Saturday, February 22, 2020


Can you write a song based on a single word? 

Peter Underdog apparently took on this challenge when he wrote lyrics for a 4-chord cyclic chord progression which modulates back and forth along tritones. He had devised this progression years before during a layoff from his Clark-Kent day job at Massaversity of Unichusetts. That brief two-week layoff, due to a budget crisis at some level of the government bureaucracy in the funding food-chain, was productive, song-writing wise, for our hero. According to previous interviews in the mass (and not so mass) media, his noodling on a 24-year-old Fender Rhodes in his basement during that period resulted in no less than four compositions with potential, three of which yielded fairly easily to the lyric-writing process and were promptly arranged and recorded, but one of which, namely 'Crestfallen' (a word that always fascinated PU), that, except for the title, appears to have been elusive wordsmithing-wise, probably because it started as a one word title.

The musical concept was pretty simple: take a I-iv progression (e.g., G / Cm), and twist it, turn it up, down, backward and forward. The I-iv, and iv-I progressions, contrasted with the more typical I-IV, evoke a mournful or yearning feeling, just like the word "crestfallen". For example, check out the verse to the 1970s Philadelphia soul hit "You Make Me Feel Brand New" by The Stylistics: 

So "Crestfallen" started with a I-iv in the key of G (G / Cm), then jumped up to a iv-I in Bb for the next two chords (Ebm / Bb), and rolled along merrily from there.

"Crestfallen", first several bars

At some point, a turnaround was needed to glue the first part together. How about a ii7-V7? No, Frank Zappa claimed that progression is evil, in spite of the fact that the bebop era was built on those changes. So as a tip of the cap to Señor Francisco Zappa, Señor Pedro Underdog just flattened the ii and turned it into a bII7-V7 -- another opportunity for tritone-hopping.

Electronic lead sheet with lyrics and chord symbols

A note in an electronic version of the lead sheet states "chorus - repeat verse in higher key w/new chords", which is indeed what happens -- the chorus moves up to a Bb/Ebm/Gbm/Db progression, then returns to the original progression for the next verse. 

In terms of the lyrical origins, here are some results of research by this reporter, which involved looking at scribblings on a sheet of graph paper found in a fat three-ring binder with "Carnegie Mellon University Software Engineering Institute" printed all over it. As the aforementioned Mr. Underdog was on a space expedition at the time, this scribe was able to get access to these primary sources by means that were only moderately illegal. That binder contains scraps of paper, printed sheet music, lead sheets, and other artifacts of nascent Underdog compositions. Computer files and archives on dusty hard drives and cloud storage were also inspected.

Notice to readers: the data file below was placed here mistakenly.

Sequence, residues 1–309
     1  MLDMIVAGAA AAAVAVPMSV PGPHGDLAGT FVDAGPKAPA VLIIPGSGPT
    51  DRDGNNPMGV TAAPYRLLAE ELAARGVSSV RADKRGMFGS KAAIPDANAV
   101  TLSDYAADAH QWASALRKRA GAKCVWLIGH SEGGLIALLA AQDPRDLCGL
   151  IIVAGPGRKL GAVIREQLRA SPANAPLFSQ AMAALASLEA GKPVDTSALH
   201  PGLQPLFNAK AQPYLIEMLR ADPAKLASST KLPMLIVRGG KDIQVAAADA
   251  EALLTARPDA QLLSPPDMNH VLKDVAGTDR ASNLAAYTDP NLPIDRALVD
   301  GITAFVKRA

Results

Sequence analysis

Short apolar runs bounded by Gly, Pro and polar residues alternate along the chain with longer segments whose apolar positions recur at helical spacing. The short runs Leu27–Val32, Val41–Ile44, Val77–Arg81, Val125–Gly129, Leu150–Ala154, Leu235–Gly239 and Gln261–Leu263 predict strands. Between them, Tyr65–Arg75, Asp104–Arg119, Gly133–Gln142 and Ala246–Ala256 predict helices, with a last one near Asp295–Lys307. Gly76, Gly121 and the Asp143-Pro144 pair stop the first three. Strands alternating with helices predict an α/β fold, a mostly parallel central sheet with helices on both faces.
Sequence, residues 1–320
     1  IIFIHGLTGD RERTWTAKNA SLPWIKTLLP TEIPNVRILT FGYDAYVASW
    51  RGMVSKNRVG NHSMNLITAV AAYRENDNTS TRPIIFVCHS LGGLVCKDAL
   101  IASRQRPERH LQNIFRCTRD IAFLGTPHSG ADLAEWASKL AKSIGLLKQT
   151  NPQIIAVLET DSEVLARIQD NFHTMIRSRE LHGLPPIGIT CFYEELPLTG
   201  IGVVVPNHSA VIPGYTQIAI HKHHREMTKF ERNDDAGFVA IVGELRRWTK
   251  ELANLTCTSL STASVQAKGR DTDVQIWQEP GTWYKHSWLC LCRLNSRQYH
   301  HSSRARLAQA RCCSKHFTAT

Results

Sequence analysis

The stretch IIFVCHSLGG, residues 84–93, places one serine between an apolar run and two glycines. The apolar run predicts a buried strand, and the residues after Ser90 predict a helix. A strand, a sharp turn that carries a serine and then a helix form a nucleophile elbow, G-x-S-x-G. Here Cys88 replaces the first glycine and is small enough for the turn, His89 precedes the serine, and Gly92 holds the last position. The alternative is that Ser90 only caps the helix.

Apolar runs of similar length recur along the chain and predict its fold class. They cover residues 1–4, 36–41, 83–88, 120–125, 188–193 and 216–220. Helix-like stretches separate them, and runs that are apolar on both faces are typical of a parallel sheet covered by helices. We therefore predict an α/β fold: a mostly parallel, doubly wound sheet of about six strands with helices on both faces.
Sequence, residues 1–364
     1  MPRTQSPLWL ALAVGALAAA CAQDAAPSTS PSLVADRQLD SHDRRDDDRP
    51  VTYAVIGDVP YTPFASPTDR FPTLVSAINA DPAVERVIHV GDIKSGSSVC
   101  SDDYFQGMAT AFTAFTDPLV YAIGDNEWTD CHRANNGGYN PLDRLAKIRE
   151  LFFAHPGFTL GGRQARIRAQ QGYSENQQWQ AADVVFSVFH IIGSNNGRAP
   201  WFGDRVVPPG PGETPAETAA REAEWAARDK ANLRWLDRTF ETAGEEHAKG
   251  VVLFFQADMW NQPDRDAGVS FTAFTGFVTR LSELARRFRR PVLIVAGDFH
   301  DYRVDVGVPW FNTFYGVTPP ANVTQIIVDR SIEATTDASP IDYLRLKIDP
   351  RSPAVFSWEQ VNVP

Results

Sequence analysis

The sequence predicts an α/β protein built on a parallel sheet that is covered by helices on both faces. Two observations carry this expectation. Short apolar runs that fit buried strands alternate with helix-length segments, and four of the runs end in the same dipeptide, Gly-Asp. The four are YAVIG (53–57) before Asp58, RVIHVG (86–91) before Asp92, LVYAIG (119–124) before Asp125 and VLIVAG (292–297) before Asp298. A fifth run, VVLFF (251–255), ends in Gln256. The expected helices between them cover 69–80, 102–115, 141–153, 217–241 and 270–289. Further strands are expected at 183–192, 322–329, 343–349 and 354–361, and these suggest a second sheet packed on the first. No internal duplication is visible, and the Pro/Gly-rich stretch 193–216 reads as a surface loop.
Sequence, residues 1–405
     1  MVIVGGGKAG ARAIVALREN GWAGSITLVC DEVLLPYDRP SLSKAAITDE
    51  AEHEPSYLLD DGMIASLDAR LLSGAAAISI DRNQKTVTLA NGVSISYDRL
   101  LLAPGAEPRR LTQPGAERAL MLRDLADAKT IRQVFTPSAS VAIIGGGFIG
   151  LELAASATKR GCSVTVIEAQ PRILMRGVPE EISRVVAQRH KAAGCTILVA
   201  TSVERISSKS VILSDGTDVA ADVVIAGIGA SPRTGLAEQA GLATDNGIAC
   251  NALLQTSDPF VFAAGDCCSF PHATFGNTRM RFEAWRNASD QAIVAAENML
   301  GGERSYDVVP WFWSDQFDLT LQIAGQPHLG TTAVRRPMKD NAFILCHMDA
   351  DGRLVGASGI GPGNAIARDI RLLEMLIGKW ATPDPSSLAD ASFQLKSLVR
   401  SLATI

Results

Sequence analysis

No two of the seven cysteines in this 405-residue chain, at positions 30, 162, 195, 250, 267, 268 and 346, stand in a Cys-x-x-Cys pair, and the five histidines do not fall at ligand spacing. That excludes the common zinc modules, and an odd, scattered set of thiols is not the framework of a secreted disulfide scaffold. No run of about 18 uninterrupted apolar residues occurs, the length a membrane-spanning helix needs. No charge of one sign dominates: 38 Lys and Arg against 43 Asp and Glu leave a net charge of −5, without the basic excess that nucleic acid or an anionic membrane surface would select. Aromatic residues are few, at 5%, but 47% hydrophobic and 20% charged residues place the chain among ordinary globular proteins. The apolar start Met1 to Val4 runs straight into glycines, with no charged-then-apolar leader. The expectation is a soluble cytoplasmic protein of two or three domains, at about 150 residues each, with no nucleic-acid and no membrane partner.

The graph paper contained work-in-progress lyrics for several Peter Underdog compositions including "Saturn Sunburn", "Burning in the Rain", "Sunday of Two Noons" among others.

From the "Carnegie Mellon" notebook

In the upper right corner of the graph paper, now laminated in polyethylene terephthalate, is a small section labeled "Crestfallen", with some attempted wordsmithing. These spitballed lyrics include swing-and-miss rhyming attempts like "guatemalan", "joseph stalin", and "downtrodden". One of those entries eventually made the final cut after a bit of tweaking -- "joe strummer singing 'london calling'". Another, "she was downhearted, i was crestfallen", reveals what became the overall structure of the lyrics -- "she was X, he was Y", apparently describing some kind of dysfunctional romantic relationship.

So "Crestfallen" eventually became a song, complete with lyrics. However, examination of timestamps on computer files on backup drives reveals that there were many failed attempts to create a fully realized, fully arranged, fully musical version of the composition. A Cakewalk 8.0 file entitled "crestfallen.wrk", containing only a scratch drum and keyboard track, dated 2004-08-08 was found on one drive. Other similar files, containing only MIDI tracks, and at various tempos, were also found. An empty Pro Tools project ("crestfallen.ptx") from 2013 was also uncovered. The title "Crestfallen" also appears on several "TODO" lists found in the notebooks.

A TODO list from the CM notebook

The final released version appears to have been started in 2019 as an Ableton project ("crestfallen.als"), with early versions containing a drum track, keyboard track, and guitar and bass samples. A nearly complete version with several virtual synth tracks (Kontakt 5.0 "Massive") were found, but were apparently abandoned, as the next version does not appear until months later. This was what became the "golden master", and has the virtual synth tracks removed, and an audio track gloriously labeled "MOOG" in their place. It appears that the virtual synths were replaced by a decidedly non-virtual hardware synth at the last minute, which may have been the impetus for the project finally getting finished and released.

We can follow up with Prof./Mr./Dr. Underdog himself when he returns from somewhere in the universe. In the meantime, he was kind enough to transmit the music video embedded at the top of this report from deep space for our enjoyment and edification. As he usually says, "play it loud". 

That's all for now, and as reporters used to sign off in the days of Smith Corona typewriters, linotype machines, and lead type, "-30-".